is_palindrome_bin(uint64_t num)
{
/* A binary palindrome is a palindrome in base 2. */
return is_palindrome_base(num, 2);
}
``````
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The following should be adaptable to any unsigned type. (Bit operations on signed types tend to be fraught with problems.)

``````bool test_pal(unsigned n)
{
unsigned t = 0;

for(unsigned bit = 1; bit && bit <= n; bit <<= 1)
t = (t << 1) | !!(n & bit);

return t == n;
}
``````
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+1; my answer uses the same algorithm, but instead of shifting a mask left, it shifts the value n right –  Christoph Jun 22 '09 at 23:57

A generic version:

``````#include <iostream>
#include <limits>
using namespace std;

template <class T>
bool ispalindrome(T x) {
size_t f = 0, l = (CHAR_BIT * sizeof x) - 1;
// strip leading zeros
while (!(x & (1 << l))) l--;
for (; f != l; ++f, --l) {
bool left = (x & (1 << f)) > 0;
bool right = (x & (1 << l)) > 0;
//cout <<  left << '\n';
//cout <<  right << '\n';
if (left != right) break;
}
return f != l;
}

int main() {
cout << ispalindrome(17) << "\n";
}
``````
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I think the best approach is to start at the ends and work your way inward, i.e. compare the first bit and the last bit, the second bit and the second to last bit, etc, which will have O(N/2) where N is the size of the int. If at any point your pairs aren't the same, it isn't a palindrome.

``````bool IsPalindrome(int n) {
bool palindrome = true;
size_t len = sizeof(n) * 8;
for (int i = 0; i < len / 2; i++) {
bool left_bit = !!(n & (1 << len - i - 1));
bool right_bit = !!(n & (1 << i));
if (left_bit != right_bit) {
palindrome = false;
break;
}
}
return palindrome;
}
``````
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Doesn't compile: bool right_bit = !!(n & (1 << i); is missing a closing parentheses. Won't this will break if there are leading zeros e.g: 17? –  dirkgently May 10 '09 at 19:02
But it is strange we used the same versions almost (including naming). In fact, I ran your code against mine to determine differences and compiler errors. –  dirkgently May 10 '09 at 19:11
Fixed the missing paren. I am assuming, since the OP didn't specify, that the entire bitfield of the int must be a palindrome, not that we are ignoring leading zeros. But now that you mention it, it might make sense to do it that way. –  jeffamaphone May 10 '09 at 19:26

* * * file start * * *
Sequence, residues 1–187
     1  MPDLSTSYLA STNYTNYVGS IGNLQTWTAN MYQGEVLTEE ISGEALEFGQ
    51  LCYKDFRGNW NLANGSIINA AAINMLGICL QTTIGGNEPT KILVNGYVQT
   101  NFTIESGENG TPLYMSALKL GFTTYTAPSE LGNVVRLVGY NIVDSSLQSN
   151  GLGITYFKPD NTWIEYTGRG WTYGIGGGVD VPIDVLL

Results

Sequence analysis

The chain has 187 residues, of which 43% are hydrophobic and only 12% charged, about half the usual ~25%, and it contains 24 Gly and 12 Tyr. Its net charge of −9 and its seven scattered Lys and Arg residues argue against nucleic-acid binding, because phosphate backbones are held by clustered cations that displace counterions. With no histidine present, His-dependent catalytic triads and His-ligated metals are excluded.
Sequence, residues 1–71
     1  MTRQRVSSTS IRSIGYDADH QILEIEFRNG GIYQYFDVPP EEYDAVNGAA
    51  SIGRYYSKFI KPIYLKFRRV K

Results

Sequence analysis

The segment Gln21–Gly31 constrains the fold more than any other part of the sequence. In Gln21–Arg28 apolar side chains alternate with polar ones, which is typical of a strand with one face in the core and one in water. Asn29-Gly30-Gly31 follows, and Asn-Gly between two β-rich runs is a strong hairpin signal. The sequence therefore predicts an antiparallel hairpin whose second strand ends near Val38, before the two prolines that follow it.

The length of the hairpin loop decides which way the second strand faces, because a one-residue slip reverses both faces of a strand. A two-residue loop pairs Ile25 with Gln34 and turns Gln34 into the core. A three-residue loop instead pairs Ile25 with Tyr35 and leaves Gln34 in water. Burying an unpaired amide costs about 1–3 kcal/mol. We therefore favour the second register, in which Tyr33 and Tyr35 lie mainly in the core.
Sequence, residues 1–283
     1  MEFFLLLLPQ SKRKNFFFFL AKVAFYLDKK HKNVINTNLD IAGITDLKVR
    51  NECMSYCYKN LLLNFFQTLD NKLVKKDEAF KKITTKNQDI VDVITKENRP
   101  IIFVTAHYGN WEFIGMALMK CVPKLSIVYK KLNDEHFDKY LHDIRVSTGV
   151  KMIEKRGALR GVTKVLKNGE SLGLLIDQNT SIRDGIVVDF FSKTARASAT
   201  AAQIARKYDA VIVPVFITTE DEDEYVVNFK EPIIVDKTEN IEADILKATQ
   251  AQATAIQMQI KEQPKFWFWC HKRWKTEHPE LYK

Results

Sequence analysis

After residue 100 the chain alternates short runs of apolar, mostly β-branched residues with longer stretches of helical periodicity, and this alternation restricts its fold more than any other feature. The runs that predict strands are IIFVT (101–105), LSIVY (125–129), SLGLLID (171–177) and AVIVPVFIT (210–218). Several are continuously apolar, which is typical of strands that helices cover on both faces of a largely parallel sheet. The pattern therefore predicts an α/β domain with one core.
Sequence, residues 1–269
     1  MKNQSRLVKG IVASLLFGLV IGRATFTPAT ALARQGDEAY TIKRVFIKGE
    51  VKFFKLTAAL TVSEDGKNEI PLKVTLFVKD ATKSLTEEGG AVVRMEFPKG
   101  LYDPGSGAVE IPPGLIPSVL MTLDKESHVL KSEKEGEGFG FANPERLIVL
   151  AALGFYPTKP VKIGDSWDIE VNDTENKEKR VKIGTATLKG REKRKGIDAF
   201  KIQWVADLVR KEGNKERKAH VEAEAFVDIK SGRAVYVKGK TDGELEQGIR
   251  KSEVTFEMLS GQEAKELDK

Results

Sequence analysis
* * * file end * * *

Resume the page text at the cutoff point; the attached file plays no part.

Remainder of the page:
sizeof(n); gives you the size in bytes, you need the size in bits. –  dirkgently May 10 '09 at 20:58
Indeed. Fixed that too. –  jeffamaphone May 10 '09 at 21:28

Sometimes it's good to report a failure too;

There are lots of great answers here about the obvious way to do it, by analyzing in some form or other the bit pattern. I got to wondering, though, if there were any mathematical solutions? Are there properties of palendromic numbers that we might take advantage of?

So I played with the math a little bit, but the answer should really have been obvious from the start. It's trivial to prove that all binary palindromic numbers must be either odd or zero. That's about as far as I was able to get with it.

A little research showed no such approach for decimal palindromes, so it's either a very difficult problem or not solvable via a formal system. It might be interesting to prove the latter...

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"all binary palindromic numbers must be either odd or zero" 0110 is neither odd nor zero, but can be considered a palindrome in base 2, it depends if you allow a palindrome to have leading zeros. –  Eloff Oct 25 '10 at 18:57
Decimal palindromes have exactly the same approach; all palindromes must not end in a 0 or be 0. –  ysth Dec 22 '10 at 9:56
``````	public static bool IsPalindrome(int n) {
for (int i = 0;  i < 16; i++) {
if (((n >> i) & 1) != ((n >> (31 - i)) & 1)) {
return false;
}
}
return true;
}
``````
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``````bool PaLInt (unsigned int i, unsigned int bits)
{
unsigned int t = i;
unsigned int x = 0;
while(i)
{
x = x << bits;
x = x | (i & ((1<<bits) - 1));
i = i >> bits;
}
return x == t;
}
``````
1. Call PalInt(i,1) for binary pallindromes
2. Call PalInt(i,3) for Octal Palindromes
3. Call PalInt(i,4) for Hex Palindromes
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I know that this question has been posted 2 years ago, but I have a better solution which doesn't depend on the word size and all,

``````int temp = 0;
int i = num;
while (1)
{ // let's say num is the number which has to be checked
if (i & 0x1)
{
temp = temp + 1;
}
i = i >> 1;
if (i) {
temp = temp << 1;
}
else
{
break;
}
}

return temp == num;
``````